What does the John Templeton Foundation do? Why is it so interested in the Church? Because it is heavily involved in family planning (i.e. birth control) programmes in developing countries, mainly through the involvement of so-called 'Faith-based Organisations', that is, religiously motivated charities. To save face and not over-offend sensibilities - given the involvement of Islamic, Catholic, Protestant and Jewish organisations - the language used to present the various projects is nuanced. The reality is that the John Templeton Foundation is one of the key players in the spread of contraceptives throughout the world. On the list of beneficiaries of the foundation's various projects are a number of African national Caritas organisations. Although it is not clear from the project summaries to what exact degree the Catholic organisations are involved, it is nevertheless clear that the concept of voluntary planning promoted by the John Templeton Foundation and similar ones linked to the United Nations differs considerably from the concept of responsible parenthood taught by the Church.
John Templeton is also a member of the Reproductive Health Supplies Coalition, a consortium of foundations, organisations, pharmaceutical companies and governments in partnership with the United Nations Population Fund (UNFPA) to promote the use of all modern contraceptives. It is a coalition that channels some $3 billion a year into contraceptives. Of course, it comes as no surprise to find The Bill and Melinda Gates Foundation among the list of partner organisations, being certainly the most generous in the world for funding the culture and practice of contraception - in addition to International Planned Parenthood Federation (IPPF), the largest multinational provider of abortion and contraceptives.
The fact that the John Templeton Foundation's focus is enlisting religions to partner in their work of promoting contraception also makes it clear why it generously funds the Vatican Health Conference. As Monsignor Trafny candidly admits, the funder also gets to choose the speakers.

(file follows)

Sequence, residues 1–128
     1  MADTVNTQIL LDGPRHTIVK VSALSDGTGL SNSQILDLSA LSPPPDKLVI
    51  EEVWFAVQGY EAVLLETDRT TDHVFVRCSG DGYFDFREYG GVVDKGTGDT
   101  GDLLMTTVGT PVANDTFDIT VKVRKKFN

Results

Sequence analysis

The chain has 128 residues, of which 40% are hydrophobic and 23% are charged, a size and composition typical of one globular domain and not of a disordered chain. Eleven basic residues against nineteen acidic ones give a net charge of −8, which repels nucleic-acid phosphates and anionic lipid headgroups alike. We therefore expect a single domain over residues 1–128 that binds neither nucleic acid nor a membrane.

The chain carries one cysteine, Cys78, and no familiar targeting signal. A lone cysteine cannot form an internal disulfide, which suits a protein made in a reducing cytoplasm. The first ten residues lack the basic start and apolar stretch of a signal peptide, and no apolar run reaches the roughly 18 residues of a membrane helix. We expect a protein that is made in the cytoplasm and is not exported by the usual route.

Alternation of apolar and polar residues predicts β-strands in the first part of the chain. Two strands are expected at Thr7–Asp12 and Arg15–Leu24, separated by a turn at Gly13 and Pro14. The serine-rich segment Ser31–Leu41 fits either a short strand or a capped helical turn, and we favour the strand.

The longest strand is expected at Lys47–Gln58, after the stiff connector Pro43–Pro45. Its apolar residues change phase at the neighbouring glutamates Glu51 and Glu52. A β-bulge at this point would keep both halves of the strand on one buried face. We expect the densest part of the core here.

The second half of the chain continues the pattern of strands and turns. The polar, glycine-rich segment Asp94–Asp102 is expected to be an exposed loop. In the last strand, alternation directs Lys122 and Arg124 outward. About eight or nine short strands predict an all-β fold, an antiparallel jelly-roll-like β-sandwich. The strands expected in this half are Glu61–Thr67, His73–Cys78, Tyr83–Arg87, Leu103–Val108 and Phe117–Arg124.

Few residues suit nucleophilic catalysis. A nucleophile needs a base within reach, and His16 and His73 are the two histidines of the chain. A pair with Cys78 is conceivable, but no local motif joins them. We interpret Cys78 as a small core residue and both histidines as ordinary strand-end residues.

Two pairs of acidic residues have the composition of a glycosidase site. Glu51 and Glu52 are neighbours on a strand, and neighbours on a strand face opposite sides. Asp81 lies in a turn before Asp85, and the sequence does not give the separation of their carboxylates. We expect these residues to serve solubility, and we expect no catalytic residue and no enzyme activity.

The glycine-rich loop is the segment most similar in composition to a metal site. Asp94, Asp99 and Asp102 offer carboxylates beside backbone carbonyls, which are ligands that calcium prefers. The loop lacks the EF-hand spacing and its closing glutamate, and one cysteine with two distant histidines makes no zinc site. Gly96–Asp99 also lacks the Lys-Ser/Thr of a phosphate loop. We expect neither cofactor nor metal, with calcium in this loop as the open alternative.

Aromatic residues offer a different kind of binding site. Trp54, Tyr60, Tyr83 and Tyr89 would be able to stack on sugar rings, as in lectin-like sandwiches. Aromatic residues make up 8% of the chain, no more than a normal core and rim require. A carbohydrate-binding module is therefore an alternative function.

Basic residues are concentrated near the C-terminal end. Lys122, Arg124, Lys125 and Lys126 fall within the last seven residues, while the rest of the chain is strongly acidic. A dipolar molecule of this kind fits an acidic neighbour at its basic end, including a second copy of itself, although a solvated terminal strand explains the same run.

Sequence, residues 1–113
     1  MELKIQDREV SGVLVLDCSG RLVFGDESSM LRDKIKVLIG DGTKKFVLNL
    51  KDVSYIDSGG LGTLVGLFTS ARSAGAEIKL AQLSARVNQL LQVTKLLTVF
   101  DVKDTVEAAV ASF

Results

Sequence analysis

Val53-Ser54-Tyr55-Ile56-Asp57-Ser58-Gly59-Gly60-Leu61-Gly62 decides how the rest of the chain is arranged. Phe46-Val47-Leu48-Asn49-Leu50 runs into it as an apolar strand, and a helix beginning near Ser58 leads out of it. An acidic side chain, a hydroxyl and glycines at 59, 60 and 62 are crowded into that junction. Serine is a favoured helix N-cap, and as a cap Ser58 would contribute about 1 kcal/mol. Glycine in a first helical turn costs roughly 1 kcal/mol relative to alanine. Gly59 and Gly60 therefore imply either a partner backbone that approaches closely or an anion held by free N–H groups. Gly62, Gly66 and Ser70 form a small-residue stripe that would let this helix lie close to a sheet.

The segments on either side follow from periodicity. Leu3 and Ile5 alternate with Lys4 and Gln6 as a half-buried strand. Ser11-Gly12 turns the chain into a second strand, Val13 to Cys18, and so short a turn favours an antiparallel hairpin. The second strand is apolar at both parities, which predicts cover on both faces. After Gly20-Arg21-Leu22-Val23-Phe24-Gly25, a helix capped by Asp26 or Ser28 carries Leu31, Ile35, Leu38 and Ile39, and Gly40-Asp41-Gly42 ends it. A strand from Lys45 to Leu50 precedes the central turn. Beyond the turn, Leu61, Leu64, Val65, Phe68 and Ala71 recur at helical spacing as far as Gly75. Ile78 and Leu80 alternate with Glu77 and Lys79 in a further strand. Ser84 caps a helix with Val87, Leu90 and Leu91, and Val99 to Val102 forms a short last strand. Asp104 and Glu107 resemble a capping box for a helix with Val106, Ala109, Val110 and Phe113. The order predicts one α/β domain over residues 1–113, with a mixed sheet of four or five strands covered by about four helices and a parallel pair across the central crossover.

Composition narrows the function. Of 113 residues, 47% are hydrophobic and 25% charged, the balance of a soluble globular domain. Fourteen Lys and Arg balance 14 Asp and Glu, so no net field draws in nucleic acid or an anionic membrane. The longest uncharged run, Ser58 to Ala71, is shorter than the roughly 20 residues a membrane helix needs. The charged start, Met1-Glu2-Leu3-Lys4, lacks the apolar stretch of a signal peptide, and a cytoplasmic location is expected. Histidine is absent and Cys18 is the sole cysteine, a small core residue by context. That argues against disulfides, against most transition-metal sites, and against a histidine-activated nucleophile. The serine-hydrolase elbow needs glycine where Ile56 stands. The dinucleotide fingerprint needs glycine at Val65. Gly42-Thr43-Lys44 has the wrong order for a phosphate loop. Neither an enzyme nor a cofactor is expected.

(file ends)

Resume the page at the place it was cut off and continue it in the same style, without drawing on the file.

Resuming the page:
If the topic of conversation turns to contraception, then one cannot fail to mention that the pharmaceutical industrial giant Pfizer is not only the producer of the most widespread Covid vaccine (compulsory in the Vatican), but is also the 'queen' of long-term injectable contraceptives. Such drugs prevent a woman’s ovulation for 13 weeks, but with side effects that have proved disastrous in developing regions because of links to high mortality rates. We are referring to the infamous Depo Provera which in poor countries since the 1970s has been the mainstay of savage birth control programmes in Africa, Asia and Latin America (see my book Il complotto demografico, Piemme, 1996). In 2015 another injectable contraceptive, Sayana Press, was introduced with active ingredients, administration, efficacy and side effects all very similar to those of Depo Provera. The only difference is the latter is taken through an intra-muscular injection, while Sayana Press is injected subcutaneously and can, thus, be easily self-administered.
These are, therefore, very dangerous relationships being forged by the Holy See. This makes it easier to understand why some prelates are opening up to contraception in developing countries. This is in blatant contradiction to the Church's teachings. It is a serious danger to the freedom of the Church, a problem which previous popes were well aware of. As such, in November of 2012 Pope Benedict XVI signed a Motu Proprio clarifying what even common sense might suggest, namely that Catholic charitable organisations cannot be funded by “groups or institutions that pursue ends contrary to Church’s teaching." This legally binding text entitled Intima Ecclesiae Natura was inspired by the concern that all the Church's very own charitable activities - with Caritas Internationalis playing the lead - should be at the service of evangelisation. The intention of the Motu Proprio was, therefore, to avoid creating confusion among the faithful about what the Church teaches nor misappropriate in any way donations received from the faithful (which evidently has happened). One of the protagonists behind Intima Ecclesiae Natura was Cardinal Robert Sarah who at the time headed up the Pontifical Council Cor Unum (whose specific work has no been absorbed into the much larger Dicastery for Integral Human Development). The Motu Proprio was addressed, first and foremost, to diocesan bishops responsible for supervising charitable organisations in their own regions.
Now, just eight years later, it turns out that it is the Holy See itself that is in breach of its own policy, being tied hand and foot to the contraception industry.